Over the last few years Congress has approved new laws impacting retirement plans; first in 2019 with the SECURE ACT and again in 2022 with SECURE ACT 2.0. Included in both are literally 100's of new rules and regulations. Many of the new rules are nuanced and/or only apply to employers and the effective dates are staggered over the next few years, with many being postponed pending further clarification from the IRS before they can be implemented. Here is what you need to know about the most relevant new rules starting in 2024:
1. Qualified Charitable Distribution (“QCD”) limit is increased from $100,000 to $105,000 and will continue to adjust annually for inflation.
“QCDs” are a great planning tool for those age 70 or older that are charitably inclined. They allow the IRA owner to give directly from their IRA to a charity. The amount withdrawn from the IRA is not taxed and it counts towards the required minimum distribution (RMD) amount if the IRA owner is subject to them.
FYI: As part of the SECURE ACT, in 2023 the age at which you must take RMDs was increased from 72 to 73. Therefore, all those born in 1951 through 1959 will start RMDs at 73. In 2033, the starting age will bump up again to 75 applicable to all those born 1960 and after.
2. Part-time workers may now be eligible for their employer’s retirement plan
Beginning in 2024, employees who are age 21 and complete 500 hours of service in three consecutive 12-month periods (“long-term, part-time employees”) cannot be excluded from making employee contributions to a 401k plan. Therefore, if you worked at least 500 hours for the same employer in 2021, 2022 and 2023 then beginning in 2024 you are eligible to contribute to the employers 401k plan. This, however, does not mean you are entitled to an employer matching contribution.
FYI: the above is a SECURE 1.0 rule. SECURE 2.0 came about and effective 2025 reduced the three consecutive year requirement to two consecutive years and requires 403b plans (offered by non-profits and government) to abide by the same rule.
3. Your employer may start making ROTH contributions to your 401k
Prior to 2024, employers were required to make 401k matching contributions pre-tax even if your employee contributions were made as ROTH contributions. Beginning in 2024, employers are now permitted to match employee ROTH contributions with an employer ROTH match. Not all employers will adopt this provision into their plan. If your company’s matching contributions are subject to a vesting schedule, then they will not be able to adopt this provision; others might wait a year or two to make sure payroll and 401k recordkeeping systems are fully equipped to account for the change. Finally, something to note is employer matching ROTH contributions will be taxed as income to you in the year they are made.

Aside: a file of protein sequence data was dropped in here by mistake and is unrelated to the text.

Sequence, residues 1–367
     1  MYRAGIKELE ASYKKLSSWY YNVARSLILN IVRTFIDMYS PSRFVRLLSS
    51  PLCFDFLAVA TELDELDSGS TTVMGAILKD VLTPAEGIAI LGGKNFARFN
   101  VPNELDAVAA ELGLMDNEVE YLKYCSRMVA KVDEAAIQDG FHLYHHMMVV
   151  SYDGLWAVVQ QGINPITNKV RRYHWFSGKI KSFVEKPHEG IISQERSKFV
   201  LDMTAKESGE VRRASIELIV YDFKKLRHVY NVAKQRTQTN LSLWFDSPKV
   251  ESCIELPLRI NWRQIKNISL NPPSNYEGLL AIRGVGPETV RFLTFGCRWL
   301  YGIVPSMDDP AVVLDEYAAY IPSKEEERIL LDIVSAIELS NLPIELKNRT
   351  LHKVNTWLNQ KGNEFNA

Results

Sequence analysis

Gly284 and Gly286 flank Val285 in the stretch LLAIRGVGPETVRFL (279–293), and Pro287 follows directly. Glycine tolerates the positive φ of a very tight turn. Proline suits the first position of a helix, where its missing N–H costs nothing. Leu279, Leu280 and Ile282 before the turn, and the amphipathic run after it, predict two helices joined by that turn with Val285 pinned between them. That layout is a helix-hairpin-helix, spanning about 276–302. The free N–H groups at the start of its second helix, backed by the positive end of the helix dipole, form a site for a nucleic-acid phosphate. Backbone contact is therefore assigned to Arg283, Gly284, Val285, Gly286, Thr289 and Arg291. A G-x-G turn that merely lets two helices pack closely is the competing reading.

4. Left-over funds in 529 education accounts can be rolled over tax-free to a ROTH IRA
There are lots of rules that apply to this, making it a little less exciting than the headline might suggest and for planning purposes we would also still like to see some more clarity from the IRS. Nevertheless, if you have leftover money in a 529 plan then you may want to consider moving that money into a ROTH IRA for the 529 beneficiary subject to the following:
- The 529 plan must have been opened at least 15 years prior
- Amounts contributed in the last 5 years (plus associated earnings cannot be rolled over)
- There is a life-time cap of $35,000 on the amount that can be rolled over
- In any one year the rollover amount is subject to the ROTH contribution limit which in 2024 is $7,000 (so it would take 5 years to complete the rollover)
- The ROTH IRA owner (ie. 529 beneficiary) must have earned income in the year of the rollover
The big change happening in 2025 is that those age 60-63 will be able to make additional catch-up contributions to 401k/403B plans which could be welcome news as tax brackets are set to shift in 2026.